I paid my twelve euro admission, climbed over the starting barricades seen all the way to the left of this flyer, and moved onward. On a nice sunny day, the views as you clamber over the rooftops are spectacular.
I’m curious to know whether these walkways stay up year round, or whether they build them anew every year like they do for the decks at Cave of the Winds at Niagara Falls.
After I first emerged on the outdoor portions of this exhibit, I saw the sculture man in the distance. I didn’t yet realize how large he is.
It had rained before and after my day in Linz, and this was a perfect day for this part of the trip.
As I got closer, I saw just how large the sculpted man is. His name is El Pensador, sculpted by Cuban artist K’cho. He is made from the remains of Cuban fishing boats.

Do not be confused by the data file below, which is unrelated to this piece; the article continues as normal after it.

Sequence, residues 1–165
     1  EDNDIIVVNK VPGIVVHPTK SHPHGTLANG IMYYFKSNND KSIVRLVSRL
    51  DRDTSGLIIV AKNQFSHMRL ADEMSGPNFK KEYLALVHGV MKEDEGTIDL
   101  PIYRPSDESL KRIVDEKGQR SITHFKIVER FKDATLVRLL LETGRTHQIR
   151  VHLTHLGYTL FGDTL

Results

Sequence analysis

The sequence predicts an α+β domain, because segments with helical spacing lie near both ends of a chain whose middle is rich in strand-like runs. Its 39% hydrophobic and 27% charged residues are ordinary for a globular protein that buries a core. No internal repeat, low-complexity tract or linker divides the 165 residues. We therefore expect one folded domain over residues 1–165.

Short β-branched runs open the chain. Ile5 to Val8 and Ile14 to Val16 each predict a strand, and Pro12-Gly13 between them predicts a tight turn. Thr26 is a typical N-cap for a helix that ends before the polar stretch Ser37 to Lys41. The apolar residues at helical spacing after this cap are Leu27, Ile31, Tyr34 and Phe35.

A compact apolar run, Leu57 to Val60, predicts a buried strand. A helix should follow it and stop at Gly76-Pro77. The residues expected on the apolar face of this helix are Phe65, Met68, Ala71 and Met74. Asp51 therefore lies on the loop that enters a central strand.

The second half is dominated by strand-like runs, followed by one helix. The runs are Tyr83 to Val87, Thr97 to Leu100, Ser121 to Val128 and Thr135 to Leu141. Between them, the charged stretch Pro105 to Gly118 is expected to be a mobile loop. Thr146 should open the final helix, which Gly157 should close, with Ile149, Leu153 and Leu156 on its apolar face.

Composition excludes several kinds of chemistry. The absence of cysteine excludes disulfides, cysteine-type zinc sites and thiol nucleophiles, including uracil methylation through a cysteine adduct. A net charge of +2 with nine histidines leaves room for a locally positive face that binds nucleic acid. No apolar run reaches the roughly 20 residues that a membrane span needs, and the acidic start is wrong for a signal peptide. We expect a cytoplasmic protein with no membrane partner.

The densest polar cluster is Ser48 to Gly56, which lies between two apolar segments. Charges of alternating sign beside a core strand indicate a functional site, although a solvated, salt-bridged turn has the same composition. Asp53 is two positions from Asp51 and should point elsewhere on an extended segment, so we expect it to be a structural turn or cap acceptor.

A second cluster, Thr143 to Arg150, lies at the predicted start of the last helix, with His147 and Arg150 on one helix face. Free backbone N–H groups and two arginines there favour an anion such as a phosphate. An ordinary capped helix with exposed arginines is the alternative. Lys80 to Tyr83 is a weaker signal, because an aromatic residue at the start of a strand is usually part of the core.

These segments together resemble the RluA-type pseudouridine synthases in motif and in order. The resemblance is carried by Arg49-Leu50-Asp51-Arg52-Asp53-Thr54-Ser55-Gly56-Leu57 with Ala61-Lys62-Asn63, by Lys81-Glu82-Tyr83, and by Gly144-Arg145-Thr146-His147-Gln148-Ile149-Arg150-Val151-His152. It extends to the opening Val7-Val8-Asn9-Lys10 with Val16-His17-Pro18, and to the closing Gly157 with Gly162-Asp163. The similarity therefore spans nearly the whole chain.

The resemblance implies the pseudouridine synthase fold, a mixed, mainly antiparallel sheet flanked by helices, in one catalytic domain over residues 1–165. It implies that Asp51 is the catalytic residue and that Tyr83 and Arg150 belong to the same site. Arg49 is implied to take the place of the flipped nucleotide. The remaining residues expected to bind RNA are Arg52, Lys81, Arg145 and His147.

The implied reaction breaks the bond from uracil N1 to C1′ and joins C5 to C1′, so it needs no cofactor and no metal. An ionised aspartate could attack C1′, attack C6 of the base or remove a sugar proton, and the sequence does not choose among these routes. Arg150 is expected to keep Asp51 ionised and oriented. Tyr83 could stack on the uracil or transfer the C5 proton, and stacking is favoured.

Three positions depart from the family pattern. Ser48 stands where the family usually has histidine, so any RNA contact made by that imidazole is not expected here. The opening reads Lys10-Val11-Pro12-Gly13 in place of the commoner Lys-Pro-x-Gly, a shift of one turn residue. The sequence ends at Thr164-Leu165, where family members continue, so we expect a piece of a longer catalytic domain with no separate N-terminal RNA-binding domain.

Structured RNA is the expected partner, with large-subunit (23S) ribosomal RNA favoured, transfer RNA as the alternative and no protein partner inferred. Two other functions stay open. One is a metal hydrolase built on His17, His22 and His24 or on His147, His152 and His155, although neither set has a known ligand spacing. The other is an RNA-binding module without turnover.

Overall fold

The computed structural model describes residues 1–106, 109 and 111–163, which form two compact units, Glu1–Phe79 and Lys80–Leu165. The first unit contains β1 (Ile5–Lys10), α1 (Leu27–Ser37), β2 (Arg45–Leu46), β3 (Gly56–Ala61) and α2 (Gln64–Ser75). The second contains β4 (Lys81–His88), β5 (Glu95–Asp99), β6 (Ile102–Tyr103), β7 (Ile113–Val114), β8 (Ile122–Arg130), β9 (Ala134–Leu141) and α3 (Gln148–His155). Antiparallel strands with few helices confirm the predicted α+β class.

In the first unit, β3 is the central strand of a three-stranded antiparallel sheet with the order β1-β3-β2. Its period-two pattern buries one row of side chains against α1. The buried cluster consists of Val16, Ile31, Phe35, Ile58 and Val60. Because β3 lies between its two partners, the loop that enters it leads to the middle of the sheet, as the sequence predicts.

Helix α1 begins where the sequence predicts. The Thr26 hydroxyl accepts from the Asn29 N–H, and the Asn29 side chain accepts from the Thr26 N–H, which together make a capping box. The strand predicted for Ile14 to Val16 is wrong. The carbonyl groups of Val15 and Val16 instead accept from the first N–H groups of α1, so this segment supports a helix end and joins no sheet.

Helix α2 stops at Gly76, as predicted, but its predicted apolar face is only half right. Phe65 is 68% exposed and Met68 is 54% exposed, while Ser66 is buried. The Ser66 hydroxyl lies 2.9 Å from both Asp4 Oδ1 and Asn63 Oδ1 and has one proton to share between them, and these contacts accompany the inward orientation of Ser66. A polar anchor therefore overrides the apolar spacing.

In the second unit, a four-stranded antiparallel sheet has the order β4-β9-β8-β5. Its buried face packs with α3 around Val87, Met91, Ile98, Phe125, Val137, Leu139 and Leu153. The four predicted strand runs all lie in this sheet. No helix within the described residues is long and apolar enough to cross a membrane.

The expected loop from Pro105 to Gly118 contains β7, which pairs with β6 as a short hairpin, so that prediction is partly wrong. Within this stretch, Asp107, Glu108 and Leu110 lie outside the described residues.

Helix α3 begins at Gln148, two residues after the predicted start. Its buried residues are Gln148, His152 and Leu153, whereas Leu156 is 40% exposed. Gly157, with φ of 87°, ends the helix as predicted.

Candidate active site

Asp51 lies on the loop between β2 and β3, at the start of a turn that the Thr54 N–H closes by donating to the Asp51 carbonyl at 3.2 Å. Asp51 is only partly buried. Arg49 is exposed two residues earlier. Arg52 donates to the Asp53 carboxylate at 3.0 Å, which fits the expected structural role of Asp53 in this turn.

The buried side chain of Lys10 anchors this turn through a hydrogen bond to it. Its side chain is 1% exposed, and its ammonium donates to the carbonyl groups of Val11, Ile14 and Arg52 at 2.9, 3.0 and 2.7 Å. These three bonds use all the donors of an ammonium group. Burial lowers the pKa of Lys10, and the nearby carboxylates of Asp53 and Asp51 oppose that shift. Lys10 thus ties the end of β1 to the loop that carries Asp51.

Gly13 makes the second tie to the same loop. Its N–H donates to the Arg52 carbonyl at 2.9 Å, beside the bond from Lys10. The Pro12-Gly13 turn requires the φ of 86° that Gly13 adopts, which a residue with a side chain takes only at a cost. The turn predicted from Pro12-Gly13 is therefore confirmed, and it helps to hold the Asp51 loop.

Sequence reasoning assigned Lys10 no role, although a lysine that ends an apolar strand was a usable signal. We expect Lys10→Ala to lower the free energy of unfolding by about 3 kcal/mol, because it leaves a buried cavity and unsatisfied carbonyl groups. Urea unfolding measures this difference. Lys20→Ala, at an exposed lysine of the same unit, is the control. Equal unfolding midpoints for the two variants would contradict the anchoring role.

The tower behind El Pensador is called the Oberösterreich-Turm, which just translates to Tower Over Austria, I think. Regardless, it was tall and I wanted to climb it. Long time readers know that I always like to climb the tallest thing in any new city I visit- I get a little bit King Kongy when I travel. I wasn’t able to climb the spire at Mariendom because that’s only allowed during tours and my visit didn’t coincide with any tours. So, I climbed this instead!
Partway up the sculpture was “The Flying Ship,” said to signify a “new departure.”
Here’s one of the views from about two thirds of the way up the tower, looking toward the top of the Flying Ship sculpture.